World Turtle Day, the results of COMMON TartaQuiz to raise awareness of the marine litter impact: over 1000 responses from 11 different countries
Today is the twentieth edition of the World Turtle Day, established by the American Tortoise Rescue (Atr) to raise awareness of the conditions of these species, as well as supporting the safeguard and protection of these animals all over the world. In anticipation of the day, the ENI CBC Med project COMMON and the Legambiente Tartalove campaign launched the TartaQuiz, a short quiz spread on social networks to involve and test users on the on the impact that the marine litter has on one of the most common inhabitant of the Mediterranean Sea: Caretta caretta turtle.
The quiz, which remained online for 20 days, collected over 1000 responses from 11 different countries: from Tunisia to Ireland, from Mauritania to France. If, on the one hand, a good knowledge on the habits and the status of Caretta caretta emerges, on the other it is still difficult to perceive the extent of the marine litter emergency and to understand how fundamental our actions are to stem the phenomenon.
Over 34% of the participants believe that marine litter of the Mediterranean Sea is not comparable to the so-called "plastic islands" of the Pacific Ocean. In reality, although the Mare Nostrum represents only 0.8% of the world's marine surface, the presence of marine litter makes it one of the six most affected areas in the world, with a particularly dangerous regions characterized by very high density of floating plastic. In addition, 24.3% of the users think that most of the marine litter floats on the water surface, which instead counts only 0.5% of the total: over 70% of the waste reaching the sea settles on the seabed. Although invisible to human eyes, it exposes all marine species to enormous health risks.
24% of the participants underestimate the possibility that waste can reach the sea if abandoned on the street or thrown into the toilet, while 11% think that a properly separate collection does not prevent waste from reaching the sea. Our home and the surrounding environment are closer to the sea than we think, so much so that poor waste management is the first identified cause of marine litter presence.
All agree on the most common marine litter material in our seas, the plastic - a question which has been answered correctly approximately by the 80% of the users – and of distribution, habits and risks of sea turtles. The Caretta caretta is known as the most common species in the Mediterranean by 80% of the respondents, whereas 90% agree that the species is endangered. Over 65% have recognised the risk of waste being confused with food and trapping Caretta caretta turtles.
"The increase in our seas of Caretta Caretta, the most common sea turtle in Mediterranean waters - declares the Italian Minister of the Environment Sergio Costa - is certainly a positive thing but it also urges us to be increasingly responsible. According to recent studies on 458 alive and 948 dead turtles, 63% had ingested plastic. That's why there is the need for initiatives like the Single Use Plastic Directive”. On this day dedicated to turtles - concluded the Minister - I would like to invite citizens to follow my example and to symbolically adopt a sea turtle through the Tartalove Campaign, allowing Legambiente to continue to keep carry out its meritorious work in favour of conservation of these beautiful animals”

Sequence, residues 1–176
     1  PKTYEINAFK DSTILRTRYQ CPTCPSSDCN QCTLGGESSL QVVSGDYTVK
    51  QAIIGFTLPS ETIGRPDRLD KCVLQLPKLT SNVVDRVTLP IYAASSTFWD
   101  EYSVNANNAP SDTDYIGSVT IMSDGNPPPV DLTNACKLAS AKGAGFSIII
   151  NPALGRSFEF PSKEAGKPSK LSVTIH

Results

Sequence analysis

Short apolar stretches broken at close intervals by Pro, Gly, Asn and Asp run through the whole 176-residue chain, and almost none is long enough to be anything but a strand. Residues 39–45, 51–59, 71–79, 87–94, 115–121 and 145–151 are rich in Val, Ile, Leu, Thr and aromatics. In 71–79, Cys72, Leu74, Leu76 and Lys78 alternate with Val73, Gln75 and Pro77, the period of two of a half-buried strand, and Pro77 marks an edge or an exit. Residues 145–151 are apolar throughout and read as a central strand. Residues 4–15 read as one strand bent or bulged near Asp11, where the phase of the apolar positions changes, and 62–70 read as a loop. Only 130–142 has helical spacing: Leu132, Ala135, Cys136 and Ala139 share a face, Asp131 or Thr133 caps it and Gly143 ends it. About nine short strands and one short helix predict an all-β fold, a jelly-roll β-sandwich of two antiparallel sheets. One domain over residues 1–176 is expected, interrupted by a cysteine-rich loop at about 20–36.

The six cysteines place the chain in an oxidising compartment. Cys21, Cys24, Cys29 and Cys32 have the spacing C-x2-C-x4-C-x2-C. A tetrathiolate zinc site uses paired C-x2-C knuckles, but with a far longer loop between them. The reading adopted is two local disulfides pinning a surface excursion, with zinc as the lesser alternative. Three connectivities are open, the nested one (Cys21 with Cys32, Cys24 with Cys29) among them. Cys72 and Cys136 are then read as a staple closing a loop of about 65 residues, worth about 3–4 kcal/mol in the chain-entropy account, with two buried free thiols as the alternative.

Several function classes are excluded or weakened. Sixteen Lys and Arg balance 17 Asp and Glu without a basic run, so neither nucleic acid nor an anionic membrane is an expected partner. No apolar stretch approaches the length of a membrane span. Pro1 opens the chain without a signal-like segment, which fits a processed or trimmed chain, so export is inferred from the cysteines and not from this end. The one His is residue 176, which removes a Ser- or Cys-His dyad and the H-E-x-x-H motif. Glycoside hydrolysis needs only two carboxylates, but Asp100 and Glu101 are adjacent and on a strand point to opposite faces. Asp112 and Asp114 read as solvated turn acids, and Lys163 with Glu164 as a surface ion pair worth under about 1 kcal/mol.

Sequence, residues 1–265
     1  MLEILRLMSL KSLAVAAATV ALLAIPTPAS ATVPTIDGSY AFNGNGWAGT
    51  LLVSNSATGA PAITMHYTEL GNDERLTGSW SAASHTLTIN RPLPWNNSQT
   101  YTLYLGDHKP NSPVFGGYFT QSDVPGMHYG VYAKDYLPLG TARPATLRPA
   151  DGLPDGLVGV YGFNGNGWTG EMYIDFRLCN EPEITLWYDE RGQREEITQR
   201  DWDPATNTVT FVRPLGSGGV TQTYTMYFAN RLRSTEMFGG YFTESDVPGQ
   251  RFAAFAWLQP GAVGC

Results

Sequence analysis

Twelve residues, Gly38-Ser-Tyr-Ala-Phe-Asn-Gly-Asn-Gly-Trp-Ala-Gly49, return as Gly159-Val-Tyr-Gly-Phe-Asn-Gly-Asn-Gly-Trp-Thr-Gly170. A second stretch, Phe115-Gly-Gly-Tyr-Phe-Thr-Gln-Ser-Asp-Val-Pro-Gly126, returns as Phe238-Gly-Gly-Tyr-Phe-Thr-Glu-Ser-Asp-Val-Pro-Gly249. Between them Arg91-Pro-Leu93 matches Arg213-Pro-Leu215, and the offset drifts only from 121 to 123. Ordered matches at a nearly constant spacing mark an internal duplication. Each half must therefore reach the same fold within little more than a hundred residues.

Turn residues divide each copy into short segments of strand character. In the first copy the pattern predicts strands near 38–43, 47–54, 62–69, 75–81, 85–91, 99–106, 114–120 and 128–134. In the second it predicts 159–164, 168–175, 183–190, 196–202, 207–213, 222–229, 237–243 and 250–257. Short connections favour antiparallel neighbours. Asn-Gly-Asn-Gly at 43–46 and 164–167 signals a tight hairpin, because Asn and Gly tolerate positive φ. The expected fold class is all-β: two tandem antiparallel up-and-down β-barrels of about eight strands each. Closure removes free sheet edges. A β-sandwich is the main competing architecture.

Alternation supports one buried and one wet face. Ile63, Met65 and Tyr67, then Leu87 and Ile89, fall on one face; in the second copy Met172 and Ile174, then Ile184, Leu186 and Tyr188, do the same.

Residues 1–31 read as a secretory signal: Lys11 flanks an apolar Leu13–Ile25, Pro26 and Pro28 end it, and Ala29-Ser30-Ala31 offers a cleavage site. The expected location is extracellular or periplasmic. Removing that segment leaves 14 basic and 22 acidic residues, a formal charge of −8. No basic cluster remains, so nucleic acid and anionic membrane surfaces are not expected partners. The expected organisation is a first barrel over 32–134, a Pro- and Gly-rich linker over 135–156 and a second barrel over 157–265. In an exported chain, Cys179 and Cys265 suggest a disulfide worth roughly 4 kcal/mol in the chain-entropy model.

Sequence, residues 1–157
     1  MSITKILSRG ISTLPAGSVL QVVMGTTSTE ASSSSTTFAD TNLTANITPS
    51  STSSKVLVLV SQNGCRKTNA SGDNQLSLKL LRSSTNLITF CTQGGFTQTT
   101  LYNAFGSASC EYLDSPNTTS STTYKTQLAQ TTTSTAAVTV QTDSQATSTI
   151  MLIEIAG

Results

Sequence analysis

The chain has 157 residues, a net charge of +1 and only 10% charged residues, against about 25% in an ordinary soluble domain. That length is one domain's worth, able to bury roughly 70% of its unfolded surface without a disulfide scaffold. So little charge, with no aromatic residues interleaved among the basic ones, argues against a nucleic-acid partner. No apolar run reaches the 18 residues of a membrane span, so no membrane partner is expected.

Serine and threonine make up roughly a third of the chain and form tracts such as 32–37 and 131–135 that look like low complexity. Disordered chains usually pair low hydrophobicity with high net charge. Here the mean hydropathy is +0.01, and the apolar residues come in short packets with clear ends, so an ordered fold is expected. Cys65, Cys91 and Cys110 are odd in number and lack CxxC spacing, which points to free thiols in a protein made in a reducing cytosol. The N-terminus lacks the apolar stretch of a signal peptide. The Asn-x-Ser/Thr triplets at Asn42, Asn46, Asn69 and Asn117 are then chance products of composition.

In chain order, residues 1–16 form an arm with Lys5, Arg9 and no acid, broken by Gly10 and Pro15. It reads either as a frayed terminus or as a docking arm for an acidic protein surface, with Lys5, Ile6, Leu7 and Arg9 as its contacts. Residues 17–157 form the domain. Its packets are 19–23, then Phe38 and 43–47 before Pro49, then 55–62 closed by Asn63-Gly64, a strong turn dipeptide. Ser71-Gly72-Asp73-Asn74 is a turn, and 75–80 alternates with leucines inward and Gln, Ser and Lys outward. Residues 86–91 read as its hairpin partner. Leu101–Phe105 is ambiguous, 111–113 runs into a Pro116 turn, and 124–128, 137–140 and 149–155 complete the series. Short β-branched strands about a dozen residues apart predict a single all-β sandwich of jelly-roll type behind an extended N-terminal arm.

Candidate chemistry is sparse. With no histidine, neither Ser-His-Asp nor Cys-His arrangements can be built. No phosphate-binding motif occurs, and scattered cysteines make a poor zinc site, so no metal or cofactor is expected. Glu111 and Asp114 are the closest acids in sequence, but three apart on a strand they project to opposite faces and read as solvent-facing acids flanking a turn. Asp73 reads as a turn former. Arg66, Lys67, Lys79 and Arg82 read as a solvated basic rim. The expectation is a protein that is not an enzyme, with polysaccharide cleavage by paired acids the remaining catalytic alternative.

"On the occasion of World Turtle Day we feel the duty to remember how harmful the marine litter is to marine ecosystems and how much a strong awareness campaign on marine pollution is necessary - states the President of Legambiente Stefano Ciafani, - The results emerged from the TartaQuiz, a small but significant social experiment, are proving of this. Legambiente is actively engaged in the protection of sea turtles on the national front, with the Tartalove Campaign, that every year allows to save and treat hundreds of injured specimens and to protect numerous nests from the moment the eggs are laid to when the turtles enter the water for the first time, and on the international front with the COMMON project, which creates an integrated marine waste management model in the Mediterranean basin is pursued".
The TartaQuiz was promoted by the European project COMMON (Coastal management and monitoring network for the fight against marine litter in the Mediterranean Sea), funded by the ENI CBC Med Programme, and by the Tartalove campaign.
COMMON’s focus is to reducing the marine litter and safeguard sea turtles from all over the Mediterranean. Sampling on the Caretta caretta has already started in the turtle recovery centres involved, in order to assess the presence of microplastics and analyze the impact that the pollutants transported by waste have on the species. One of the main ambitions of the project is the management of a permanent Network that aims to the coordination of the Sea Turtle Rescue Centres operating in the Mediterranean area.
Tartalove is the Legambiente campaign that has allowed the recovery, care, and assistance of over 1500 specimens of Caretta caretta, as well as monitoring and protection of nests and awareness raising activities.
The quiz was supported by Directorate General for Maritime Affairs and Fisheries of European Commission, the Directorate General for Environments of European Commission funding program, the Intergovernmental institution Union for the Mediterranean, the Seas At Risk Non-Governmental Association, and the Italian Ministry of the Environment.